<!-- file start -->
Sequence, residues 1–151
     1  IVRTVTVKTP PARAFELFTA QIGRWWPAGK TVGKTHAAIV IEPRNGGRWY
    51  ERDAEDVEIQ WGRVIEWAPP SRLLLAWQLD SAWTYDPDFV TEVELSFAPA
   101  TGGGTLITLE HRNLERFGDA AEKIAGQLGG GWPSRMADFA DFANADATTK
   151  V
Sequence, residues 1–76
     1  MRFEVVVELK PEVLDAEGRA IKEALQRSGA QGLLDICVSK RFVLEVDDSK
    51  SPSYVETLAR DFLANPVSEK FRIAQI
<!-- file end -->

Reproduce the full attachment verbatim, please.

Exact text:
Sequence, residues 1–151
     1  IVRTVTVKTP PARAFELFTA QIGRWWPAGK TVGKTHAAIV IEPRNGGRWY
    51  ERDAEDVEIQ WGRVIEWAPP SRLLLAWQLD SAWTYDPDFV TEVELSFAPA
   101  TGGGTLITLE HRNLERFGDA AEKIAGQLGG GWPSRMADFA DFANADATTK
   151  V
Sequence, residues 1–76
     1  MRFEVVVELK PEVLDAEGRA IKEALQRSGA QGLLDICVSK RFVLEVDDSK
    51  SPSYVETLAR DFLANPVSEK FRIAQI